1eye wrote:The other thing I was thinking is, what if what they were doing was being propelled along by some kind of force from inside the vessel, maybe the same thing that make them stay on the vessel? They are single cells, which cannot think or feel. What motivates them? Perhaps it is charge. Perhaps it is magnetism. Something moving along with the blood. I have read about "affinity" but how does it physically work? How do cells follow sources (trails?) of molecules? They have no brains. Without a brain or eyes, how does any single-celled organism find food? Or, in the case of immune cells, find invaders to attack? I bet they are following charge, which changes with blood velocity and direction, and changes with the presence of unwanted visitors.
Any cell biologists care to comment?
That might explain why immune cells might follow myelin, if it's carrying electricity makes them locomote, and electrical transitions make them try to squirt through, which results instead in demyelination.
Let's consider the case of one of the simplest cells, a rod shaped bacterium. It's movement consists of two behaviors, tumbles and glides. Think of a tumble as a random reorientation of direction. A glide is a movement in a particular direction uninterrupted by a tumble. The bacterium can sense the change in concentration of a chemical gradient. If that chemical is food for the bacterium, then it will move up the gradient. However, if that chemical represents a negative stimulus, then the bacterium will move down the gradient. Directed movement occurs in this fashion. In the case of a positive stimulus, such as a food gradient, if the bacterium senses that it is moving away from the food source, or down the gradient, the number of tumbles will be increased and the period between glides and the resulting length of glides will be shortened. In contrast, if the bacterium senses that it's moving towards a food source, then the frequency of tumbles will be reduced. By changing the frequency of tumbles vs. glides, the bacterium minimizes the amount of time it spends travelling in the wrong direction.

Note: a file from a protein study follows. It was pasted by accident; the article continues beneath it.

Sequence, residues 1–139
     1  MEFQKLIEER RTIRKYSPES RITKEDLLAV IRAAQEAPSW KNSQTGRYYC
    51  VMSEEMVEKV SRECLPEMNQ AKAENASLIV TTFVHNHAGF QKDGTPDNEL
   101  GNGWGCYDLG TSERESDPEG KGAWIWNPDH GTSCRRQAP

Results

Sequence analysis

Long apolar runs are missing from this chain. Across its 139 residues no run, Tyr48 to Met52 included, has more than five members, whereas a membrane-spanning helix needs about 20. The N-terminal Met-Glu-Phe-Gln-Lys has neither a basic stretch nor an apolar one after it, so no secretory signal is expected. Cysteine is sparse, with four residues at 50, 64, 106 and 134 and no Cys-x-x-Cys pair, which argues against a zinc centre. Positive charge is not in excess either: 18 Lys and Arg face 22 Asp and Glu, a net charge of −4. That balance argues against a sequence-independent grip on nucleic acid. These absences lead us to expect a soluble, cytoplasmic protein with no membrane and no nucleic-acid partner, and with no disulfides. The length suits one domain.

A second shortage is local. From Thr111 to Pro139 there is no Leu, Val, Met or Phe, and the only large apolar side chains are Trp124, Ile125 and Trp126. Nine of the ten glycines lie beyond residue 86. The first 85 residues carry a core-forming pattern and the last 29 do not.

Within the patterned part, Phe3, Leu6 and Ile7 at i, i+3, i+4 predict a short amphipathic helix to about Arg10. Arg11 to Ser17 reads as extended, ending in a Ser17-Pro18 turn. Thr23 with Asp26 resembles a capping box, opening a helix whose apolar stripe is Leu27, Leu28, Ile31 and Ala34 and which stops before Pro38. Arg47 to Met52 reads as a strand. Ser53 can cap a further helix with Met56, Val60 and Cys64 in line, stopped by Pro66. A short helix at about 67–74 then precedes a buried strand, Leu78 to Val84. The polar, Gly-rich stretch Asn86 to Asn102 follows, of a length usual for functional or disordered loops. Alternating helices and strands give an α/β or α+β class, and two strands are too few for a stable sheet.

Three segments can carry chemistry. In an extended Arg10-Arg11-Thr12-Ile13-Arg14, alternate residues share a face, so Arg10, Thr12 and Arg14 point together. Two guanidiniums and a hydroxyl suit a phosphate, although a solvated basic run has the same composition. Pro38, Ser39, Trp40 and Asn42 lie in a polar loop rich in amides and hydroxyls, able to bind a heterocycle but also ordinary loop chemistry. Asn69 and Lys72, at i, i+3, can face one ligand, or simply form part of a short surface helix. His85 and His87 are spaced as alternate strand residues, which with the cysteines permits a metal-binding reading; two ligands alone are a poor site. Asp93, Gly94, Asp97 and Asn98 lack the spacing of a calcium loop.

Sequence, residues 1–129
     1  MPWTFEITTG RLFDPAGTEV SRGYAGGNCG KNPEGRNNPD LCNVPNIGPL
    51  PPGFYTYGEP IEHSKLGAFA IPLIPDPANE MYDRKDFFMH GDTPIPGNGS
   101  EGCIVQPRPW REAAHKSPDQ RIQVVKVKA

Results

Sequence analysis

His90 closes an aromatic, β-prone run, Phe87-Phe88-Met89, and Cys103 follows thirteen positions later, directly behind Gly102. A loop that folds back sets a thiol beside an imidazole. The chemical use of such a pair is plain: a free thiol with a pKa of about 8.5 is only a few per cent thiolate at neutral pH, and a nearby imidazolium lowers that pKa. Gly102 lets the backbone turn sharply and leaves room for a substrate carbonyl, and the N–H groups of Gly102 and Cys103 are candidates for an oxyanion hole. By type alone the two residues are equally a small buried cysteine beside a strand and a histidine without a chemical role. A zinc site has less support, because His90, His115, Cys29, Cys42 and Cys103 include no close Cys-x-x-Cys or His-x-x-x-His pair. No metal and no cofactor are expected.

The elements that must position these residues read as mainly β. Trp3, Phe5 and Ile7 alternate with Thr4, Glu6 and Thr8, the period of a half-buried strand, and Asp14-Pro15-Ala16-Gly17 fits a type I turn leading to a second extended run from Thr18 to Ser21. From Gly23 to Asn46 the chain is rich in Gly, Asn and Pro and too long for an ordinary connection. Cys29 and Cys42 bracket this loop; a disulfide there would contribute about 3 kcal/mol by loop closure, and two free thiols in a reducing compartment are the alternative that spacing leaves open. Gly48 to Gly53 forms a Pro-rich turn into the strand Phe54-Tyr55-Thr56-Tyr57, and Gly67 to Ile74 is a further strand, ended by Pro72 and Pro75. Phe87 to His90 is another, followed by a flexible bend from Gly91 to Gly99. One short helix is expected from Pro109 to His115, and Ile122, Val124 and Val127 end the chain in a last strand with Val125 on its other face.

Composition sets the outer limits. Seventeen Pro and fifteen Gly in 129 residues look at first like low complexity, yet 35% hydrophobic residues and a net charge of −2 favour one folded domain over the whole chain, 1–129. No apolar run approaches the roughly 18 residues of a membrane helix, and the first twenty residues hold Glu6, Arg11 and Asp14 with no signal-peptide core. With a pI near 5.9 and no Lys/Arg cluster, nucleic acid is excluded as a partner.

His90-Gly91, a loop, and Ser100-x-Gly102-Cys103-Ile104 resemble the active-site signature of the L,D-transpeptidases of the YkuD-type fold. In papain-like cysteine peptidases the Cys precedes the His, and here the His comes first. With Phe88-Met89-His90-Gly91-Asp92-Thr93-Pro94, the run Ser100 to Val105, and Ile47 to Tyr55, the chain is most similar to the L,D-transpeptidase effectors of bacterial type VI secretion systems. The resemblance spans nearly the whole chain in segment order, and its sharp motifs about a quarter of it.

Eukaryotic cells, anything other than a bacterium, typically have proteins on their cell surface that are used as molecular receptors. A familiar example of how this works is with the drug Tysabri.
Tysabri prescribing information wrote:Natalizumab binds to the alpha-4-subunit of alpha-4-beta-1 and alpha-4-beta-7 integrins expressed on the surface of all leukocytes except neutrophils, and inhibits the alpha-4-mediated adhesion of leukocytes to their counter-receptor(s). The receptors for the alpha-4 family of integrins include vascular cell adhesion molecule-1 (VCAM-1), which is expressed on activated vascular endothelium, and mucosal addressin cell adhesion molecule-1 (MAdCAM-1) present on vascular endothelial cells of the gastrointestinal tract. Disruption of these molecular interactions prevents transmigration of leukocytes across the endothelium into inflamed parenchymal tissue. In vitro, anti-alpha-4-integrin antibodies also block alpha-4-mediated cell binding to ligands such as osteopontin and an alternatively spliced domain of fibronectin, connecting segment-1 (CS-1). In vivo, natalizumab may further act to inhibit the interaction of alpha-4-expressing leukocytes with their ligand(s) in the extracellular matrix and on parenchymal cells, thereby inhibiting further recruitment and inflammatory activity of activated immune cells.
In a nutshell, the Tysabri antibody binds to the cell surface integrin protein on leukocytes and blocks its interaction with the VCAM1 receptor on the endothelium. In the absence of Tysabri, the integrin protein on the leukocyte would be recognized by the VCAM1 receptor on the endothelial cell. This recognition creates a binding event and would signal to the leukocyte that its immune fighting capabilities were needed and the cell would then cross the endothelium. The case of integrin binding to the VCAM1 receptor is just one example. This type of receptor and target activity is quite common.